What is Preterm Labor?

Preterm labor is labor that begins before 37 weeks of pregnancy, instead of the 40 weeks that is normally required. This can result in premature birth, which puts your baby at greater risk for health complications. While the exact cause of preterm labor is not clear, there are certain risk factors that may increase your chances, including smoking, being under 20 or over 35 years old, having experienced preterm birth in the past, stress, and more.

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Common signs and symptoms of preterm labor include:

  • Frequent contractions.
  • A feeling of lower abdominal pressure.
  • Consistent, dull aching of the lower back.
  • Abdominal cramping.
  • Vaginal spotting or bleeding.
  • A vaginal gush or continuous trickle of fluid.

If you are experiencing any of the above symptoms and are not yet due to deliver, be sure to contact our office right away. Do not worry about these symptoms being a sign of a “false alarm”, as we would rather be cautious.


Welcome to my practice. Let me introduce myself and my practice philosophy. I am a board certified OB/GYN in practice for over 20 years and have been a solo-practitioner on the Upper East Side of Manhattan since 2000. All deliveries are performed at The Mount Sinai Medical Center where I went to medical school and at Lenox Hill Hospital.

Preterm Labor Diagnosis and Prevention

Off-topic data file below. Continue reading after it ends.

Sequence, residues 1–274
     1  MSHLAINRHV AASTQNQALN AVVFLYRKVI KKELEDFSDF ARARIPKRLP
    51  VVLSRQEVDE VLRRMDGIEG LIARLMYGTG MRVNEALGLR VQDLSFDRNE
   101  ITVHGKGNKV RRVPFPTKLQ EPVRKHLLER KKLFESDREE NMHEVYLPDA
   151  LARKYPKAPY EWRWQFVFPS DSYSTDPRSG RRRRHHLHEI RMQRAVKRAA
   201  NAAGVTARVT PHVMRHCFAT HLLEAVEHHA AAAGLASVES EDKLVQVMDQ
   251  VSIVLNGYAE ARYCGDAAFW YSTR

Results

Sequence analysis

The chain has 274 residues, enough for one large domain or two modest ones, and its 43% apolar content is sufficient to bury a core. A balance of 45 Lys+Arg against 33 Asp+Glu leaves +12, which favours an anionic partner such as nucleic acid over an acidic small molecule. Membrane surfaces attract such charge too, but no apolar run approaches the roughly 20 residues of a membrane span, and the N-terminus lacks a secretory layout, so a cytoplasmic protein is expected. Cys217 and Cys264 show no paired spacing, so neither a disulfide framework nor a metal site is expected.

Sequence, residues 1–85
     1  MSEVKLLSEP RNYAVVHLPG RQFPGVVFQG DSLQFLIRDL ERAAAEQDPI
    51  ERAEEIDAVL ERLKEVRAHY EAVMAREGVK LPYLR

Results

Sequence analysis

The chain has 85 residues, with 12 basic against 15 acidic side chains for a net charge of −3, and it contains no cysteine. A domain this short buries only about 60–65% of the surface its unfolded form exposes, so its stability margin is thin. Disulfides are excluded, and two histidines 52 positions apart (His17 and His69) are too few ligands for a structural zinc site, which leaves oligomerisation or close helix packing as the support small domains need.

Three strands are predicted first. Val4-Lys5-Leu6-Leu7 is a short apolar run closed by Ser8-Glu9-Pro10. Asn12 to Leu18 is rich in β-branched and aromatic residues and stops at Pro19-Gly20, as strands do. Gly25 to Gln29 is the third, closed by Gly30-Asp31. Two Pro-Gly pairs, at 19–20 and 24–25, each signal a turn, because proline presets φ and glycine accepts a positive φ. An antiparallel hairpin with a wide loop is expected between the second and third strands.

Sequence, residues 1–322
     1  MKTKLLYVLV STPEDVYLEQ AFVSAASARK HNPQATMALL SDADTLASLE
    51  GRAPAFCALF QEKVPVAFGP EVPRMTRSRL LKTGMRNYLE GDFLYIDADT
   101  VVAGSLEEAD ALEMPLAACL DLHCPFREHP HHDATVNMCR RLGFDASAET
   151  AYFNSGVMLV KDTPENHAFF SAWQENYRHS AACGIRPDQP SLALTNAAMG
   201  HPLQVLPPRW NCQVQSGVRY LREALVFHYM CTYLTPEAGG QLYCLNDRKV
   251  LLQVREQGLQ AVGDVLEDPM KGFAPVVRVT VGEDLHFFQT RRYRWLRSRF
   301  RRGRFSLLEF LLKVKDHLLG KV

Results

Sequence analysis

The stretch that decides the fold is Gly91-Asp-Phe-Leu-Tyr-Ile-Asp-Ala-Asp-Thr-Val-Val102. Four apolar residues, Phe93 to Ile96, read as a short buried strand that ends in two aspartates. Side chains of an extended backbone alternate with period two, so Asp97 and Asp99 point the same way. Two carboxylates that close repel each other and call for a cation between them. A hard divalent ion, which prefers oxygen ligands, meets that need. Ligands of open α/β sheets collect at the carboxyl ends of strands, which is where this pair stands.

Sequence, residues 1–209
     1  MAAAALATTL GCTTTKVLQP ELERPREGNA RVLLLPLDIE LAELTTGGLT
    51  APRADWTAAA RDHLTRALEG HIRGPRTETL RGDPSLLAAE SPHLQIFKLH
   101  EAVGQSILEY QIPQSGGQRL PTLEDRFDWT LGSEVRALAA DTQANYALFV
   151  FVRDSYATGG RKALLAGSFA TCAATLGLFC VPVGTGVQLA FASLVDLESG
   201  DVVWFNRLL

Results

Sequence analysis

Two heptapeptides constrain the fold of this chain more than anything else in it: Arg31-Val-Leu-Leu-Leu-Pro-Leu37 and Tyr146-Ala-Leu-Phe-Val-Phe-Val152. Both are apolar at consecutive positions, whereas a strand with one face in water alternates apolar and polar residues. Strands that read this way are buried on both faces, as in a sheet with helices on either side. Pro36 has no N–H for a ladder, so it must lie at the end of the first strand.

In order to diagnose your chances for preterm labor, Dr. Tepper will review your medical history and risk factors, as well as assess your signs and symptoms. If you are experiencing regular uterine contractions and your cervix has begun to dilate before 37 weeks of pregnancy, you will likely be diagnosed with preterm labor. Dr. Tepper may also perform a number of procedures or tests for diagnosis, including a pelvic exam, ultrasound, lab tests, and uterine monitoring.

While there is no way to stop preterm labor once it is in motion, there are some medications that may be given to prevent early delivery or temporarily slow your contractions. These include:

  • Corticosteroids: For women who are between 23 and 34 weeks and are at an increased risk of delivery in the following days, corticosteroids may be recommended to help promote the baby’s lung maturity. If you are less than 34 weeks pregnant, you may be given a repeat course of corticosteroids.
  • Magnesium sulfate: If you are at high risk of delivering between 24-32 weeks of pregnancy, magnesium sulfate may be recommended to reduce the risk of your baby developing cerebral palsy.
  • Tocolytics: In cases where you are experiencing premature contractions, a medication called a tocolytic may be given to slow your contractions. This form of medication can be used for 48 hours to prevent premature labor.
  • Progesterone: For individuals with a history of preterm birth, weekly shots of a form of progesterone called hydroxyprogesterone caproate may be given during the second trimester and continue until week 37 of pregnancy.

Overall, the treatment that is right for you will depend on many different factors. Dr. Tepper will work with you to determine the best plan of action to ensure successful delivery.


Whether you are a new or returning patient, Dr. Tepper can assess your concerns and discuss your options to find the most comfortable and convenient care for you. To get started, call our office to set up an appointment.


Contact Us to Learn More

For more information regarding preterm labor diagnosis and prevention, please contact our office today to schedule an appointment with Dr. Tepper. Our goal is to provide each of our patients with the compassionate, professional care they deserve for a positive delivery experience.

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